Note: This advice is given by the CAP Executive about non-broadcast advertising. It does not constitute legal advice. It does not bind CAP, CAP advisory panels or the Advertising Standards Authority.
The CAP Code applies to marketing communications on video blogs (“vlogs”) in the same way as it would to marketing communications which appear on blogs or other online sites. When it comes to Social Media, numerous marketers have fallen foul of the ASA by blurring the line, intentionally or not, between independent editorial content written about a product and advertising copy.
In 2014, the ASA investigated Five YouTube videos from vloggers, all of which featured Oreo biscuits (Mondelez UK Ltd, 26 November 2014). The ads featured vloggers undertaking the “Oreo Lick Race Challenge” and all of them contained references to other “Lick Race” videos which were available. This key ruling gives useful pointers on identifying marcoms in vlogs.
Ads must be obviously identifiable
Most of the time, it’s clear from where the ads appear and/or the overall nature of the material what they are. For example, viewers are likely to recognise that pre-roll ads on a Youtube channel are separate to the video or that an ad break during a video on demand service is not part of the editorial programming.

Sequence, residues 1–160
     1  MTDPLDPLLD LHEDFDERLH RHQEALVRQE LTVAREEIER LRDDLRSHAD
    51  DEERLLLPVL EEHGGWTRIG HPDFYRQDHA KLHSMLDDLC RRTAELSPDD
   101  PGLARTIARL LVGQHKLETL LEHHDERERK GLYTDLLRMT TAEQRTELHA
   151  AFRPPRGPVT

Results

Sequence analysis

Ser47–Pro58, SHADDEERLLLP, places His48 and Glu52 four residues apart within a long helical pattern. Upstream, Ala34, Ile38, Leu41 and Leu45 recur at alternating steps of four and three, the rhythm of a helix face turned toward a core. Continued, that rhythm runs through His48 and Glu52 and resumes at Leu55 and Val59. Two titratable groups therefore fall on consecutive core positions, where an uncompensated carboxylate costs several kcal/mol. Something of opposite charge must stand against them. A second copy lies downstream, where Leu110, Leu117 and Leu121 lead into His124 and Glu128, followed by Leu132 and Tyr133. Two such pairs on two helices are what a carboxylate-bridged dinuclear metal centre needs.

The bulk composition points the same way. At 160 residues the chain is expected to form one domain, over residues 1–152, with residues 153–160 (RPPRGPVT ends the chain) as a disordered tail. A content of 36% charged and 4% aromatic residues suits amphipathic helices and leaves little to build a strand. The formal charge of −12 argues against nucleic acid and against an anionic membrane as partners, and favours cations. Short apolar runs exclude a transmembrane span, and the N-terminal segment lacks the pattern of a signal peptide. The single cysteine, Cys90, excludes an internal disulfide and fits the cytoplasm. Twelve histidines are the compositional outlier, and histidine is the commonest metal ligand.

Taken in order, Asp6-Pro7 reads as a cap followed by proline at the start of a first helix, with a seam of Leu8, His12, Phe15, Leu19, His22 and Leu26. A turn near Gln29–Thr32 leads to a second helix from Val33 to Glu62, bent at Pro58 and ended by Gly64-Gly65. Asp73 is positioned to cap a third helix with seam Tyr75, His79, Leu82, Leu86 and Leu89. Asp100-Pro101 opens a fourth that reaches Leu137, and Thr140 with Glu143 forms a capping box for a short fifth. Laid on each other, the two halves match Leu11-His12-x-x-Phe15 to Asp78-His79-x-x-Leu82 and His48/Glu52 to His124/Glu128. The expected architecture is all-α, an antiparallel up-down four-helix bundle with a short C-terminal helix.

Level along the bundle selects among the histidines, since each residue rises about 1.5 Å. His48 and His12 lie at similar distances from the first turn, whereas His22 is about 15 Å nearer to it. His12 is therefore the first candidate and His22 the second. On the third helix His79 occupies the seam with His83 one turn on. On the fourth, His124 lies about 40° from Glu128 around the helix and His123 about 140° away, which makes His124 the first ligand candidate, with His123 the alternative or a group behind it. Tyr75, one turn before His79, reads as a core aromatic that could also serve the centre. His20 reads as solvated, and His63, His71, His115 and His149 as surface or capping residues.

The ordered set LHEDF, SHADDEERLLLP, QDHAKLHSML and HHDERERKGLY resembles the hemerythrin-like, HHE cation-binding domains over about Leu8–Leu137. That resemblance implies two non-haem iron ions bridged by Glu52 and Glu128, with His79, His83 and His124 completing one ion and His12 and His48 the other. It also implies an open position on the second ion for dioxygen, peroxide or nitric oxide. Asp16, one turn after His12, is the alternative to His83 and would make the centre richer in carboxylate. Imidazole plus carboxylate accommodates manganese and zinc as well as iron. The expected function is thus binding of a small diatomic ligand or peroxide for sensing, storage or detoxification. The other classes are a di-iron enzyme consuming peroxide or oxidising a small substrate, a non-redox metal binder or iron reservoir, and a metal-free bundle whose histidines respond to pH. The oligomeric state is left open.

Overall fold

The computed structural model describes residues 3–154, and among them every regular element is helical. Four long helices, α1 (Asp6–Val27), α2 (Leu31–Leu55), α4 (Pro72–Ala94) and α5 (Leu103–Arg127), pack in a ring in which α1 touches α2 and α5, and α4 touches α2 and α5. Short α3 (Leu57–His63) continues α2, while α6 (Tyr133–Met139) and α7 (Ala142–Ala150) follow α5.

In the Mondelez case, the ASA noted that the presentation of each ad was very much in keeping with the editorial content of the respective channels and that the fact that the videos were marketing communications would therefore not be immediately clear from the style alone. The ads were found to breach the Code and the advertiser was told to ensure that future vlogs made their commercial intent clear prior to consumer engagement.
This means marketers need to ensure the presentation of their ad makes it clear that it is an ad. This is likely to include discussing the issue with the vlogger. If the style doesn’t make the nature of the content clear, then it will need to be separated by some sort of design or labelling.
Labelling must be timely
Viewers need to know they are selecting an ad to view before they watch it. This means making a distinction between ads and editorial based content so viewers can make an informed choice.
Finding out something is an ad after having selected it, at the end of a video or half way through is not sufficient.
Labelling must be clear
In some circumstances, marketers will sponsor an event or an editorial section of a publication and have no control over what happens at the event or content of the publication. Marketers should be wary of labelling advertorial or other ads in a way that will confuse viewers as to the nature of the content.
In the Oreos case the phrase "Thanks to Oreo for making this video possible" might indicate to some viewers that Oreo had been involved in the process; however, they did not clearly indicate that there was a commercial relationship between the advertiser and the vloggers (i.e. that the advertiser had paid for and had editorial control over the videos).
Labels or disclosures don’t necessarily have to be formal, they can match the vlogger’s style, they just need to be clear.
See “Celebrities”, “Remit: Affiliate Marketing” and "Contextually targeted branded content"